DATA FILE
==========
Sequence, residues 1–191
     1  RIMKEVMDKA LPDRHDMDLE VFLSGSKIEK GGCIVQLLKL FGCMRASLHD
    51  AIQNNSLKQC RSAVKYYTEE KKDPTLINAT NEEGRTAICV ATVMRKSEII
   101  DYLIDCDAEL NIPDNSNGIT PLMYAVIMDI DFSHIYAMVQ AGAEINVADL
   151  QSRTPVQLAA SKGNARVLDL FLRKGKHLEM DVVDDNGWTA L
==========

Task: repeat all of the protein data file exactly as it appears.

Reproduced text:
Sequence, residues 1–191
     1  RIMKEVMDKA LPDRHDMDLE VFLSGSKIEK GGCIVQLLKL FGCMRASLHD
    51  AIQNNSLKQC RSAVKYYTEE KKDPTLINAT NEEGRTAICV ATVMRKSEII
   101  DYLIDCDAEL NIPDNSNGIT PLMYAVIMDI DFSHIYAMVQ AGAEINVADL
   151  QSRTPVQLAA SKGNARVLDL FLRKGKHLEM DVVDDNGWTA L